Electric vehicles sales continue to grow at a staggering rate, comprising 8% of new car sales in the first half of 2023. Driving this growth is improved availability of supply, the introduction of lower priced models and a raft of government incentives.
The initial cost of purchasing an EV (or any car for that matter) can sometimes be a barrier for potential buyers. Fortunately, a wide range of EV finance options are available to help make EV ownership more affordable and accessible. In this article, we’ll delve into: the different options available to you, the pros and cons of each, and a case study comparing the financial impact of these options.
1. Car loans (including Green Car Loans)
One of the most common methods of financing an electric car is through traditional car loans. Many financial institutions and banks also offer specialised EV loan products (often known as ‘green car loans’) with competitive interest rates and flexible repayment terms. These loans allow buyers to spread the cost of the EV over a set period, making it easier to manage the upfront expense. At the time of writing, you can expect a typical car loan to have an interest rate of 5% to 7% per annum whereas a green car loan will include an interest rate discount of between 0.5% to 1% per annum, meaning rates on average are lower at ~6% to 8% per annum.
2. Dealer Financing
Electric vehicle manufacturers (and dealers) often provide their own financing options to customers. These products can include low-interest loans, extended warranties, and other incentives to make EV ownership more attractive. Manufacturer financing may also offer additional benefits, such as access to exclusive maintenance services or charging network memberships. Several manufacturers in Australia offer this including Polestar, Hyundai and Tesla to name a few.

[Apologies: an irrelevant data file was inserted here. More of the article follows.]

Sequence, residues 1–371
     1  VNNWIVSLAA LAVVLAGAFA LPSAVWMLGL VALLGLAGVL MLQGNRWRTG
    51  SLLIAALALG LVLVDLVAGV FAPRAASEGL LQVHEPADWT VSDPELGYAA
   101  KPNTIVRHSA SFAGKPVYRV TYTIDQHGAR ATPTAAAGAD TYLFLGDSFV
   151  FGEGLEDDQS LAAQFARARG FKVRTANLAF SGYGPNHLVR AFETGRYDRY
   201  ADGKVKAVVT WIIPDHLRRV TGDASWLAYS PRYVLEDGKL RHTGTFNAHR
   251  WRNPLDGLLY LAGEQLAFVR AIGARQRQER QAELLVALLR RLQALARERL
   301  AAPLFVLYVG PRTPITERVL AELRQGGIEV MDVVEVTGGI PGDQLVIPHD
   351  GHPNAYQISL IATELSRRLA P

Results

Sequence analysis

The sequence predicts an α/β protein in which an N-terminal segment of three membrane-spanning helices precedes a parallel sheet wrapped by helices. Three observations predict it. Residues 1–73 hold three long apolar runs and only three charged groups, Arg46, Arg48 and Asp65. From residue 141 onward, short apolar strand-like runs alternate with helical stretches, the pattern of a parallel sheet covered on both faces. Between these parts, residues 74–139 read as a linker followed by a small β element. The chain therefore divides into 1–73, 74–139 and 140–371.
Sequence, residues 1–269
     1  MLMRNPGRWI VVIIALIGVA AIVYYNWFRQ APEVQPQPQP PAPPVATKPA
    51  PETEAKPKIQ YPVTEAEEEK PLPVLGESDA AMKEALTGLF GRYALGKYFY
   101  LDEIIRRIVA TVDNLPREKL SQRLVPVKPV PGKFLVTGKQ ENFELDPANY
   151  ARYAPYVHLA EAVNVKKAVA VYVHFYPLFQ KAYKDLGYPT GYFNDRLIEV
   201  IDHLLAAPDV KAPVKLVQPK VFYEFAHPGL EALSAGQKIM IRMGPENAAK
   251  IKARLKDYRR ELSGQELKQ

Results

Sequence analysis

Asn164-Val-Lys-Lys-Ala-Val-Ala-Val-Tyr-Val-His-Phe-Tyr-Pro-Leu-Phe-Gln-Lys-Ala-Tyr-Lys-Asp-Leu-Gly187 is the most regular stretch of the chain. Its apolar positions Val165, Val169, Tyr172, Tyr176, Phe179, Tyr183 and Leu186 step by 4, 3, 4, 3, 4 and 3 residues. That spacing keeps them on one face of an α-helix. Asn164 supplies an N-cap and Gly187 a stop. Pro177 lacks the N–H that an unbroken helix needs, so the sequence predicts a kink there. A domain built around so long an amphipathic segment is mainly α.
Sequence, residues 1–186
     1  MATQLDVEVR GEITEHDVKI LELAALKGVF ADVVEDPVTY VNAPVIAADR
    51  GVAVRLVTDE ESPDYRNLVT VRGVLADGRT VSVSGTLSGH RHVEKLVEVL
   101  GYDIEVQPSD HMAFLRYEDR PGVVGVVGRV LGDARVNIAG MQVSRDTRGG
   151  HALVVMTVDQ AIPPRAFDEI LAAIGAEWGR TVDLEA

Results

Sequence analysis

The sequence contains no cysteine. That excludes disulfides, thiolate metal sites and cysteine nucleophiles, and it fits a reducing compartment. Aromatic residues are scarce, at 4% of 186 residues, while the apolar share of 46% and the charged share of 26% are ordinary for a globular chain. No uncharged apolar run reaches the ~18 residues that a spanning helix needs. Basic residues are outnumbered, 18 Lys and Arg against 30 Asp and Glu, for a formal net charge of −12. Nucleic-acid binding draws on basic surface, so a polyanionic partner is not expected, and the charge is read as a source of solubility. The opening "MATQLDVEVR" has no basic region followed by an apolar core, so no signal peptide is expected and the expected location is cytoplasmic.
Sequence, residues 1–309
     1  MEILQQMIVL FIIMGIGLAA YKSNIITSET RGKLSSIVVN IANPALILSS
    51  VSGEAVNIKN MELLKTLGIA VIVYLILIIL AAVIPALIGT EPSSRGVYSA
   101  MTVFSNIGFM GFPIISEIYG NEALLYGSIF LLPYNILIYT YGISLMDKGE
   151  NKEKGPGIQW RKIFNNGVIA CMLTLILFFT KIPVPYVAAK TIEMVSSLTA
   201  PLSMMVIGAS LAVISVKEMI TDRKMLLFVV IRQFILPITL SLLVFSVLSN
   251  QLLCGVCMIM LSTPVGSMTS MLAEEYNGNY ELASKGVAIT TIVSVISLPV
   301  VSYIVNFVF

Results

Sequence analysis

Leasing an electric car is another popular finance option. EV leases typically require a smaller upfront payment (or none) compared to purchasing, as you're essentially paying for the car’s depreciation over the lease term. Leases also provide the flexibility to upgrade to newer EV models at the end of the lease period. Additionally, some leases include maintenance and repair services, further reducing the long-term costs of EV ownership.
4. Novated Leasing
Novated leasing is a type of car leasing which the main difference being your employer enters into an agreement with a leasing company to lease a vehicle for you. The lease payments are taken from your pre-tax salary and are also tax-deductible. For eligible electric cars, this option provides potential tax advantages due to the FBT exemption for electric vehicles.
It offers many of the advantages of a lease with the added tax benefits.
A car subscription is like Netflix for cars. Instead of buying or leasing a single car, you pay a monthly fee to access a range of vehicles. Depending on the service, you can switch between cars as your needs or preferences change. The subscription often covers other costs like insurance, maintenance, and registration, so you don't have to worry about the usual hassles of car ownership. Think of it as a more flexible way to have a car without the long-term commitment.
The availability of diverse EV finance options and government incentives is empowering individuals to overcome the initial cost hurdle and embrace sustainable transportation.
When considering an electric vehicle, it's essential to thoroughly research and compare the different finance options available. Evaluate the terms and conditions, interest rates, and long-term costs associated with each option to make an informed decision that suits your financial situation.
About the author
Danny is a consultant and entrepreneur working at the cutting edge of the electric vehicle and energy transition. He is passionate about educating and helping consumers make better decisions through data. He is the founder of zecar and is currently the EV Innovation Manager at Endeavour Energy.
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